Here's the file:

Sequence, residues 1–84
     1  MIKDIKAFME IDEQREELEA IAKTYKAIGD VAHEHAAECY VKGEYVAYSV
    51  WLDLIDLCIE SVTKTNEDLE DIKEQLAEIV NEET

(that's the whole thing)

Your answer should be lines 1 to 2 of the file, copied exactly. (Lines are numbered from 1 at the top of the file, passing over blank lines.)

Sequence, residues 1–84
     1  MIKDIKAFME IDEQREELEA IAKTYKAIGD VAHEHAAECY VKGEYVAYSV